Neurodiversity Celebration Week
In the United States, 1 in 5 children has a learning difference. According to the UK Department of Education, 15% of students in the United Kingdom have a learning difference (a statistic that is likely to be overly conservative). Yet, most classroom teachers and school staff have no training on how to identify, understand and support students with learning and thinking differences. Instead of investing in providing early intervention and support services for students with special educational needs (SEN), years of severe funding cuts to education have decimated support services for neurodivergent students. For example, in parts of the UK, there are waiting times of up to 14 months for an initial autism assessment appointment. Furthermore, there is still a significant societal stigma and many misconceptions about learning and thinking differences that also create barriers for SEN students to have equal access to education.
How do societal stigma and general misconceptions about neurological differences make it harder for students to get the support they need?
33% of classroom teachers and other educators believe learning and thinking challenges are sometimes an excuse for laziness.
43% of parents say they wouldn’t want others to know if their child has a neurological difference.
48% of parents believe incorrectly that kids grow out of learning differences.
76% of neurodivergent university students say they didn’t disclose their disability to their university.
The lack of teacher training and SEN support services, as well as the stigma and entrenched misconceptions about learning differences, have culminated in a perfect storm that has left neurodivergent students adrift. It will not come as a surprise that most neuordivergent students have negative school experiences. Like millions of neurodivergent students, I know what it feels like to be frustrated, embarrassed, and humiliated at school. I also know what it feels like to have some teachers and classmates assume you are not intelligent and to have them underestimate and write you off. At school, we are constantly reminded of our difficulties and challenges. In the classroom, our learning differences are exposed for everyone to see and the greatest importance is given to the skills we struggle with the most or can’t do. This can be very discouraging and demoralizing.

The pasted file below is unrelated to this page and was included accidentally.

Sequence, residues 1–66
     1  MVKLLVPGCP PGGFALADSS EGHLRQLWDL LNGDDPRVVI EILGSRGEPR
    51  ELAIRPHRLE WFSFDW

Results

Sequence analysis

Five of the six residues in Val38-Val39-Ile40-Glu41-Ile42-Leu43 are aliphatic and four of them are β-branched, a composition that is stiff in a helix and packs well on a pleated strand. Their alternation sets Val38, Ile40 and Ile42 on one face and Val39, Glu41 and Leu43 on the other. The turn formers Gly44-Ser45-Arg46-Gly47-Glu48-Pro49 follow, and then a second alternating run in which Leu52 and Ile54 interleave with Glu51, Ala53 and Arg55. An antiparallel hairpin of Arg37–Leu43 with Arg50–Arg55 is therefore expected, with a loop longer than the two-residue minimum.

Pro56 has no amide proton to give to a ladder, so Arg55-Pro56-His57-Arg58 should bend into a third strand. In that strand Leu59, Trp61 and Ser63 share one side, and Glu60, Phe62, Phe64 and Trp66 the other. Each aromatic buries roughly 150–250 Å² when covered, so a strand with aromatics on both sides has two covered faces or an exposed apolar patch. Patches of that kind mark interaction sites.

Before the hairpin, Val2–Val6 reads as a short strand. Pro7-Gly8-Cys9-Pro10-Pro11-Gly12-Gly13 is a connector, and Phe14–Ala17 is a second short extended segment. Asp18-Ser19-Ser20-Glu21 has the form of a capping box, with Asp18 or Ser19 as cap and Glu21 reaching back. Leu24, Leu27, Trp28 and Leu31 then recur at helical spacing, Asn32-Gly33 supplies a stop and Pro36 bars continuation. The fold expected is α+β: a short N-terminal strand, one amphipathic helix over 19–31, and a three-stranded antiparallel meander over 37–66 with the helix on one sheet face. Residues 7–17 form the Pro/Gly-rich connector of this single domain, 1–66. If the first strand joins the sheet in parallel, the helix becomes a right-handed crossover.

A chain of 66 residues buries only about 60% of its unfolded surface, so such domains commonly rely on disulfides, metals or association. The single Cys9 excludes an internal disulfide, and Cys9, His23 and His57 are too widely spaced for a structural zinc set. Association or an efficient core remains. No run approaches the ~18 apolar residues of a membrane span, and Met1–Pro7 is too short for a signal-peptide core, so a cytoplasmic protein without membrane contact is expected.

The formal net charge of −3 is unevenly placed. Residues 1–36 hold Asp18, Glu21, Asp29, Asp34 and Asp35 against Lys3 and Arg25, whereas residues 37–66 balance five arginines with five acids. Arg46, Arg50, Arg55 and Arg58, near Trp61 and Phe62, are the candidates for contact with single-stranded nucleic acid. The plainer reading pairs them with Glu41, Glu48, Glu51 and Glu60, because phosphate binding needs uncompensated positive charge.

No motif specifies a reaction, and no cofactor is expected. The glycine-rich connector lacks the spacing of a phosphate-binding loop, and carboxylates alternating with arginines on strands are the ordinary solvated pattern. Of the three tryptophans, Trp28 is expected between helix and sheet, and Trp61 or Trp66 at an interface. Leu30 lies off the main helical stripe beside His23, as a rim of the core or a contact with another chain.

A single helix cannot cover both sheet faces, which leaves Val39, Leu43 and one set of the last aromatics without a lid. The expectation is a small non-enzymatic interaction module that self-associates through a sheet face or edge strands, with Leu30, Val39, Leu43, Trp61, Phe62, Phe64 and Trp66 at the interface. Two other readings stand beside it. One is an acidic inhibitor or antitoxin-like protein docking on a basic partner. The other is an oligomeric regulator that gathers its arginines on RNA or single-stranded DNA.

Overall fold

At school, we are often made to feel like failures. But it doesn’t have to be this way. Together, we can change the narrative. Instead of focusing only on the drawbacks of being neurodivergent, it’s time to also acknowledge and recognize the many strengths and talents that come from thinking and perceiving the world differently. By celebrating the strengths of neurodivergent students, we can begin the seismic shift of changing the way SEN students are perceived and treated, including how neurodivergent students feel about themselves.
To empower neurodivergent students to achieve their potential, schools need to recognize and celebrate our many strengths and talents that may not be showcased in the traditional classroom environment, such as our creativity, innovation, ability to think outside-the-box, problem-solving skills, unique insights, and perspectives, as well as our perseverance and resilience.
We are the dreamers.
The future business leaders.
We are the trailblazers.
We are the Einsteins and Bransons of tomorrow.
The struggling SEN students of today will become the entrepreneurs and revolutionaries of tomorrow. We will join the visionaries who have transformed the world we live in. We will be the next Steve Jobs, Bill Gates, John F Kennedy, John Lennon, Pablo Picasso, Steven Speilberg, Tommy Hilfiger, Satoshi Tajiri, Agatha Christie, Henry Ford, Billie Eilish, Temple Grandin, and Andy Warhol of tomorrow. Yet, our ability to fulfil our potential is being threatened by the stigma associated with having a special educational need and the misconceptions many people still have about autistic people and people with learning differences. We are also more vulnerable to being mistreated. In a 2017 bullying report by Ditch the Label, 75% of autistic students and 70% of students with learning differences reported being bullied at school.
It is time to create a more inclusive educational landscape so that SEN students have equal access to education. But in order to bring about this change, we need your help. Please support your neurodivergent students by registering to take part in Neurodiversity Celebration Week. Join the other 1,600 schools and over 1 million students from around the world that are taking part in ensuring that the strengths and talents of neurodivergent students are seen and celebrated.